In the second section, Science and Health, Nebojša Nešković introduces us to special medical techniques which are Positron emission tomography (PET) and proton therapy (PT). These techniques are used for diagnostics in oncology, neurology, psychiatry, cardiology and play a special role in lengthening the life cycle and improving its quality.
In the following article Antonella Deponte offers a social psychology contribution to the study of ageing. She stresses the fact that people generally see the Elderly according to the social role they represent for example ‘the old citizen’, ‘the grandparents’, ‘the old employee’ and we rank them in a specific social group, while the Elderly are so different among them.
Yung-Ping Chen discusses issues concerning quantity of life and quality of life in the context of health and ageing. The agenda of health and ageing will be enriched if it places greater attention to quality of life issues that encompass both physical health and mental health.
In fact Cristina Giudici highlights the relationship between activity, in the sense of social participation, and health among the Elderly. The relation is reciprocal: bad health hinders social participation, but isolation could have a negative effect on health, especially on mental health.
In the insurance section Lukas Steinmann and Veronica Scotti stress that demographic ageing is certainly a major challenge for developed and developing world. Labour market and pension systems need to be flexible in order to adapt to the changing demographics. A healthy and well developed market of private solutions is not the one-and-only solution, but it can remove the pressure from ailing state pension systems.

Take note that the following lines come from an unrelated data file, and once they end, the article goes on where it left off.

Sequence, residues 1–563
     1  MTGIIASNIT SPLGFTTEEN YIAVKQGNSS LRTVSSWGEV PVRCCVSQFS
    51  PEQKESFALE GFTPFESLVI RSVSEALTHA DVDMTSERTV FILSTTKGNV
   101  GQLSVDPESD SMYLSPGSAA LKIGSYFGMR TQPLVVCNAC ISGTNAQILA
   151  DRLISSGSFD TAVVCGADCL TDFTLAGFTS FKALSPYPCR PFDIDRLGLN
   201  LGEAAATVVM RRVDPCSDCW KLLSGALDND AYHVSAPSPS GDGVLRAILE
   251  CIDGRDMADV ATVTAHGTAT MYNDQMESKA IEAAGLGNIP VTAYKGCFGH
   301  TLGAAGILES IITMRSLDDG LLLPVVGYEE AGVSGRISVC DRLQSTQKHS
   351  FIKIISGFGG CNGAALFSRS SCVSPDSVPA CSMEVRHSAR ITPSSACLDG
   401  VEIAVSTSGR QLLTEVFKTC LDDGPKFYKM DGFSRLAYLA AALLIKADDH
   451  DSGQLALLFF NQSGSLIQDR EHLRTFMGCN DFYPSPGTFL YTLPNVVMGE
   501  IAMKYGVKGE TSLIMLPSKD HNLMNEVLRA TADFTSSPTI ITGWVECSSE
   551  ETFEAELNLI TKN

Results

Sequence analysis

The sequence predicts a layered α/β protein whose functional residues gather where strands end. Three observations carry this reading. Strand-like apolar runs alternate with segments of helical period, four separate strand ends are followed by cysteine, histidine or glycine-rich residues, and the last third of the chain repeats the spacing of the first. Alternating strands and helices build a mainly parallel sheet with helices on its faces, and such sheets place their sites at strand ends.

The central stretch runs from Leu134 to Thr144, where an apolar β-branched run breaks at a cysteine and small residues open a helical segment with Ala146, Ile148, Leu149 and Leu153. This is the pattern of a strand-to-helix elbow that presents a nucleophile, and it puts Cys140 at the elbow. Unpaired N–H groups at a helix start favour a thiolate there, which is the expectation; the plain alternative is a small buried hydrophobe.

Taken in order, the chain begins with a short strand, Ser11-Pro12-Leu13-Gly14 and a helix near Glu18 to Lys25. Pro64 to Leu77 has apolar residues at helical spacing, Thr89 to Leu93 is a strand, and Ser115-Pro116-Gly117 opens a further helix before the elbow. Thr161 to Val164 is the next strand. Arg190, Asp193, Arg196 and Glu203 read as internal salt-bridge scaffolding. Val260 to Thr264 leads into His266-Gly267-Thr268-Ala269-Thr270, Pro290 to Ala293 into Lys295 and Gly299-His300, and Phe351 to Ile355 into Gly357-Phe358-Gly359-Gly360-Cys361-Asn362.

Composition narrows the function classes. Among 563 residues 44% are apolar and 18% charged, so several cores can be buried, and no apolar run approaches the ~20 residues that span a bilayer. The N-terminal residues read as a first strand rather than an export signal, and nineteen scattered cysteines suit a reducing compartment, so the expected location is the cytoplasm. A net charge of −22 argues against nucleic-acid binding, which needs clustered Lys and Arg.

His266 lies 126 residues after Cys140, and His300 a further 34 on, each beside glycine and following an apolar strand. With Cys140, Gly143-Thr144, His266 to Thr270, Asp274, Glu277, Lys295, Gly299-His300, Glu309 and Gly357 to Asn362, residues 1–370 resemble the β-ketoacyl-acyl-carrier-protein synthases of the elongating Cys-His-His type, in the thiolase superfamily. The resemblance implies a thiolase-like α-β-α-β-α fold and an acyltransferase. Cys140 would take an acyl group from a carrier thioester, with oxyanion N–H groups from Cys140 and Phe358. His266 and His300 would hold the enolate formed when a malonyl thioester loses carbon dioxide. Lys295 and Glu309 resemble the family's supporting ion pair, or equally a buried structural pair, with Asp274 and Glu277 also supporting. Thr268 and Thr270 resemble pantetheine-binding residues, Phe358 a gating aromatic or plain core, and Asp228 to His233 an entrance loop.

The weakness and the open problems of Italian complementary pension are the topics of Marcello Messori’s article, probably due to a ‘distorted early maturity of the sector’.
Patrick Liedtke proposes that Insurance companies can play a key role in providing solutions for old-age income. The new welfare approach consists in the so-called ‘risk shift from public to private’, which aims to replace the existing too expensive system.
In the Employment and Social Issues Section Elsa Fornero and Chiara Monticone give their contribution about flexible retirement in Europe. Almost all the recent pension reforms reflect the will to increase incentives for postponing retirement and the introduction of flexibility. Yung-Ping Chen stresses that the strategy of flexible work options for all ages could help generate more work.
Andrea Principi, Marie Gianelli and Giovanni Lamura aim to provide an overview of the initiatives currently implemented by companies in Italy with regard to their older employees.
Immigration is not a sufficient remedy for population decline and Manuela Stranges examines the contributions in favour and against this question with an overview for the European countries.
Mattia Makovec and Asghar Zaidi analyse the effect of life-course disruptions — unemployment, disability, separation and widowhood — on income and living conditions in EU Member States.
In the last cultural ISSUES section Raimondo Cagiano de Azevedo examines ageing and rejuvenation of European populations related to some philosophical foundations.
Paul Hewitt’s paper shows that in USA, some experts, taking into account of demographic dynamics, the evolution of the law and the financial asset of baby boom generations, have elaborated the Generational Impact Statement (GIS) a tool that allows to estimate the impact of health expenses in the next future and allow institutions to better align health policy with stated intentions.
All these issues and the Economics of Ageing are the basic points for the conference “The New Welfare: The Counter-Ageing Society, Svecchiamento e Società” (Lengthening of Life-Cycle, Employment, Pensions and Health) organized by Macros Research, The Geneva Association, The Risk Institute, which will be held on 8 October 2007 in Turin. We thank very much their financial support of Fondiaria-Sai, EurizonVita, and IntesaSanpaolo, the support of ANIA (Italian Association of Insurance Companies) and the collaboration of CeRP. You will find the conference programme in the Announcements section.